We also used SEER 9 data to examine trends in 5-year relative age-adjusted survival of EAC by stage for individuals diagnosed between 1975 and 2004. Survival by stage was examined to further explore the differences between stage-specific incidence and IB mortality plots. We were unable to examine 5-year survival data for cases diagnosed after 2004, because these data would have been based on deaths occurring after 2009, which are not yet available.
Based on SEER 9 data, overall EAC incidence continues to increase (Fig. 2). In 1975, EAC incidence was 0.40 cases per 100,000, whereas in 2009 EAC incidence was 2.58 cases per 100,000. Although EAC incidence continues to increase, a slowing of the rate of increase occurs around 1997. EAC IB mortality follows a similar pattern of a continued rise, with a slowing of the rate of increase occurring around 1998. In addition, a divergence of the incidence and IB mortality curves is evident; the IB mortality curve gradually becomes flatter than the incidence curve.
Trends by Sex
When sex-specific trends were explored, we found a continued increase in both incidence and IB mortality in men, with inflection points occurring in the mid to late 1990s, indicating the beginning of a reduction in the rate of increase for both (Fig. 3A). Although a joinpoint was found in IB mortality for women in the late 1990s, similar to the IB mortality in men, no joinpoint was observed in incidence in women (Fig. 3B). Although annual EAC incidence and IB mortality rates in men are approximately 6 times that of the rates in women (4.87 versus 0.68 cases per 100,000 in men versus women in 2009; and 0.71 versus 0.26 in 1975), the trends have similar slopes; the overall average annual rates of increase (AAPC) for incidence and IB mortality over the study period are approximately the same for both men and women (Tables 1 and 2). Over the study period, EAC incidence and IB mortality increased at an average rate of 6.1% and 5.4% per year, respectively, for men and 5.9% and 5.5%, respectively, for women.
Table 1. SEER 9 Esophageal Adenocarcinoma Incidence Annual Percentage Change (APC) and Average Annual Percentage Changes (AAPC) by Sex and Stagea
Rates are based on incidence data age-adjusted to the 2000 Standard Population with 19 age groups.
The strata analyzed may have different numbers of joinpoints occurring in different calendar years and corresponding to different APC periods. For example, for overall esophageal adenocarcinoma incidence, there is 1 joinpoint occurring in 1997 corresponding to 2 APC periods, 1975-1997 and 1997-2009.
1.6 (0.0 – 3.3)
0.1 (–4.5 to 4.8)
1981, 1984, 2001
–2.4 (–8.3 to 3.8)
28.2 (–11.3 to 85.3)
–0.6 (–4.5 to 3.5)
1.0 (–2.8 to 4.9)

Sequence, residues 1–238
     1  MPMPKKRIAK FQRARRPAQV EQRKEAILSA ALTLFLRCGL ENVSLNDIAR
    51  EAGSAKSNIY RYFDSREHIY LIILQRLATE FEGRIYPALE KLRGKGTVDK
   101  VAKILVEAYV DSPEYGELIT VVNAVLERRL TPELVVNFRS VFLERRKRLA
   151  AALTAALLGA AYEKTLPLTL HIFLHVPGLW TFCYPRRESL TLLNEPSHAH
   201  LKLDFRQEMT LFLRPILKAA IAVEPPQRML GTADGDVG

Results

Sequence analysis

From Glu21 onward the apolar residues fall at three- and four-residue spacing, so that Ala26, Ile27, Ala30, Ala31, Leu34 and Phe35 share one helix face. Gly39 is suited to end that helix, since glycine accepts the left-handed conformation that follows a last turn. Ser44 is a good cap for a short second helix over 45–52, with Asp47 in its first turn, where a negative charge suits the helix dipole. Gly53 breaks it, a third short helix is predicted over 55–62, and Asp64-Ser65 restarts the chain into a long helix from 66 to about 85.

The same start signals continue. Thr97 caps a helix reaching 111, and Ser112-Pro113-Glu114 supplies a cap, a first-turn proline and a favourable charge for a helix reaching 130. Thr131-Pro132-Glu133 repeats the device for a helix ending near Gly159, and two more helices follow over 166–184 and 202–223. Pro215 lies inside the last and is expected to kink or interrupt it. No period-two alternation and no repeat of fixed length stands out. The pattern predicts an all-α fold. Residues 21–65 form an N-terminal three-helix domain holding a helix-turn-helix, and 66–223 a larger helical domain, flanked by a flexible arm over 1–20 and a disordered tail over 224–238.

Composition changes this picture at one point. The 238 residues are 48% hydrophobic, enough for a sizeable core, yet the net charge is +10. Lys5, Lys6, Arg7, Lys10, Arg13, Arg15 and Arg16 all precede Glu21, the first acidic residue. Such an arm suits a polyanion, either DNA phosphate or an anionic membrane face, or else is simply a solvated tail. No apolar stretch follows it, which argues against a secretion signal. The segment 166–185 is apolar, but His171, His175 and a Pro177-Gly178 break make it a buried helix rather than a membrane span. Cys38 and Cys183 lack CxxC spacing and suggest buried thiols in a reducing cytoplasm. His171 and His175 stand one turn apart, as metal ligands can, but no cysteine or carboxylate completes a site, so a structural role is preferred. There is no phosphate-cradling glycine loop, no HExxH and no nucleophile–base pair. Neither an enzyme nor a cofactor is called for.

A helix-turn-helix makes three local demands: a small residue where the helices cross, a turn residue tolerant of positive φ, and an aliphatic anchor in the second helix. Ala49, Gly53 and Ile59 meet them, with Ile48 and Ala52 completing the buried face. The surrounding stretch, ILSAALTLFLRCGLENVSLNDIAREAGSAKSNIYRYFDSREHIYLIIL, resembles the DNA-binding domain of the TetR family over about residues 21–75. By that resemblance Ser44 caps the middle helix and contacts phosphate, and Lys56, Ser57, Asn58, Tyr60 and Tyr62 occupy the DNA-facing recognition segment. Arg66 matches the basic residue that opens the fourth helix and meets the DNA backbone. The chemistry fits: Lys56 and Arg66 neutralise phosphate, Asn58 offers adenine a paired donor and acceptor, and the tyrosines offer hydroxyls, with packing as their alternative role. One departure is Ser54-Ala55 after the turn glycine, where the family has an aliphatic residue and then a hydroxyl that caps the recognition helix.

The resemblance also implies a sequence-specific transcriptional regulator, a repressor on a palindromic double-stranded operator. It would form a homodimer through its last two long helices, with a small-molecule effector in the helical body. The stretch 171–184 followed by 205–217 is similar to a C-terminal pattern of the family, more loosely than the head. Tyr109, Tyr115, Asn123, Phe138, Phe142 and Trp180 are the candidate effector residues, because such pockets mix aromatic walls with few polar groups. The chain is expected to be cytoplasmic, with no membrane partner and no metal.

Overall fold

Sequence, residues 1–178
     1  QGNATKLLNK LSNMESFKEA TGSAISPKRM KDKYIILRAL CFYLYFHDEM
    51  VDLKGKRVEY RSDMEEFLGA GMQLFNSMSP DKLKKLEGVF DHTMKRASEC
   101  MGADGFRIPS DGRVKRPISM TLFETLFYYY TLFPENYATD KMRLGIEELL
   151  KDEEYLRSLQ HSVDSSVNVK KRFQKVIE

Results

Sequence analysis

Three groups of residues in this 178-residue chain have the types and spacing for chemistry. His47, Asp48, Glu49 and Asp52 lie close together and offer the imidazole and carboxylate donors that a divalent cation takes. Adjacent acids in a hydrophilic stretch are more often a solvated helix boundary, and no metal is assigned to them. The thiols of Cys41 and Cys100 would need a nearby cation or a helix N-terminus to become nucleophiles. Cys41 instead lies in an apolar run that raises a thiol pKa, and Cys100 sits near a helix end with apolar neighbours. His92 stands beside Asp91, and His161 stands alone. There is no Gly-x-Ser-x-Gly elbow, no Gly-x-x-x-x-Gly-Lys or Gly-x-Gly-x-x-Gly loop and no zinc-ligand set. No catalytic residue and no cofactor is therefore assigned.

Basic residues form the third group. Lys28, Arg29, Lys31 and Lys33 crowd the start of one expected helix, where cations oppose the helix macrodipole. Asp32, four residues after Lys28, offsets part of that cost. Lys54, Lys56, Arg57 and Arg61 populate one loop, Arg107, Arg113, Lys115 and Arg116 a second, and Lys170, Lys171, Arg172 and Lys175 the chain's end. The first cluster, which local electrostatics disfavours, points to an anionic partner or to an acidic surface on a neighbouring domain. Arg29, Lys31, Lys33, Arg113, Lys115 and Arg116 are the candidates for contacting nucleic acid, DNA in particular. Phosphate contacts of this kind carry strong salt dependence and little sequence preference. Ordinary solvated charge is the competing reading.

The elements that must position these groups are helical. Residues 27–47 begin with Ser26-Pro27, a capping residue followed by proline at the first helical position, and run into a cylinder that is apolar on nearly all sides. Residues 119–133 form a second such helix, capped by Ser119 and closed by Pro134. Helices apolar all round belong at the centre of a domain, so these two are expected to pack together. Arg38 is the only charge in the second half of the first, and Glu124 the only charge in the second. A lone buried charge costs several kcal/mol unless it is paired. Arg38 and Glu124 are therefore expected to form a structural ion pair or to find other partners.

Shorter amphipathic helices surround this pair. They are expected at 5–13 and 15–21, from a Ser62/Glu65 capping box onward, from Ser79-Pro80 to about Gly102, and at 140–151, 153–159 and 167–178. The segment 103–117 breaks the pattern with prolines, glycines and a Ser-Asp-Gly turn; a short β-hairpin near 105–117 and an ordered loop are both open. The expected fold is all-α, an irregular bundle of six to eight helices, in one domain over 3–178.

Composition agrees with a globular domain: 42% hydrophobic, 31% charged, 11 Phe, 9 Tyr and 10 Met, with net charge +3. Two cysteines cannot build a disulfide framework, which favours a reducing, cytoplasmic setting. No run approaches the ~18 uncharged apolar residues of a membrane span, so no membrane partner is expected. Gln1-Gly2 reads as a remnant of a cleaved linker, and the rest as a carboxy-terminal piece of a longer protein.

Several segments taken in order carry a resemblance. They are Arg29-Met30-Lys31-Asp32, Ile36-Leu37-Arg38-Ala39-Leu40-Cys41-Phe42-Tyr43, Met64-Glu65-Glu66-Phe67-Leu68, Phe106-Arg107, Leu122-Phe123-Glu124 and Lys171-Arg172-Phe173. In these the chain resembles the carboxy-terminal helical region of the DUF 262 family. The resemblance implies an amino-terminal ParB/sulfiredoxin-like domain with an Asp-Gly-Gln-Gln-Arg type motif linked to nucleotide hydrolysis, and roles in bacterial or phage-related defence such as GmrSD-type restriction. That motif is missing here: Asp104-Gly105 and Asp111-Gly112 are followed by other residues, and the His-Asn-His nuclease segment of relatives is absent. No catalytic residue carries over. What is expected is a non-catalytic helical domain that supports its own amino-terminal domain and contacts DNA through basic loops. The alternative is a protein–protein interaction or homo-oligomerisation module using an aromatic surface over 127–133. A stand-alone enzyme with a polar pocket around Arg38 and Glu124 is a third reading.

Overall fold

1981, 1984, 2001
–3.2 (–10.3 to 4.5)
31.0 (–16.7 to 106.0)
–0.9 (–5.7 to 4.1)
Table 2. SEER 9 Esophageal Adenocarcinoma Incidence-Based Mortality Annual Percentage Change (APC) and Average Annual Percentage Change (AAPC) by Sex and Stagea
Rates are based on incidence-based mortality data age-adjusted to the 2000 Standard Population with 19 age groups.
The strata analyzed may have different numbers of joinpoints occurring in different calendar years and corresponding to different APC periods. For example, for overall esophageal adenocarcinoma incidence-based mortality, there is 1 joinpoint occurring in 1998 corresponding to 2 APC periods, 1978-1998 and 1998-2009.
1.1 (–0.7 to 2.9)
–1.0 (-6.1 to 4.5)
0.7 (–3.9 to 5.6)
5.8 (5.2 to 6.3)
0.8 (–1.0 to 2.6)
0.0 (–4.6 to 4.7)
1980, 1985, 2000
–37.8 (–58.8 to –6.1)
0.5 (–3.3 to 4.3)
48.7 (–0.1 to 121.5)
2.1 (–1.5 to 6.0)
Trends by Stage
The trends in localized and distant EAC reveal a narrower gap between incidence and IB mortality curves in advanced-stage EAC than in early-stage EAC. A change in APC occurs for both the incidence and IB mortality rates for localized EAC patients; however, the change in IB mortality rate occurs approximately 1 year after the decline in incidence in 2000 (Fig. 4A). Incidence initially increased at an APC of 9.8 (95% CI = 8.5-11.2) from 1975 to 1999 and then slowed to an annual increase of 0.1 (95% CI = −4.5 to 4.8) thereafter. In terms of IB mortality, the initial APC increased at a rate of 9.3 (95% CI = 7.8-10.8) from 1978 to 2000 but decreased from 2000 to 2009 (APC = −1.0, 95% CI = −6.1 to 4.5).
When regional and distant stages of EAC were analyzed, although some joinpoints were found (Fig. 4B,C), they were not readily interpretable. This may have resulted from a smaller number of cases, particularly during the earlier years of the study period, and could be due to aberrations in data collection procedures or other anomalies. However, the AAPC for the whole study period was 5.5 (95% CI = 1.9-9.2) for regional EAC incidence and 6.0 (95% CI = 5.3-6.7) for distant EAC cases. For IB mortality, the AAPC from 1978 to 2009 was 6.4 (95% CI = 4.5-8.8) and 8.1 (95% CI = 5.7-10.6) for regional and distant cases, respectively.
Trends by Sex and Stage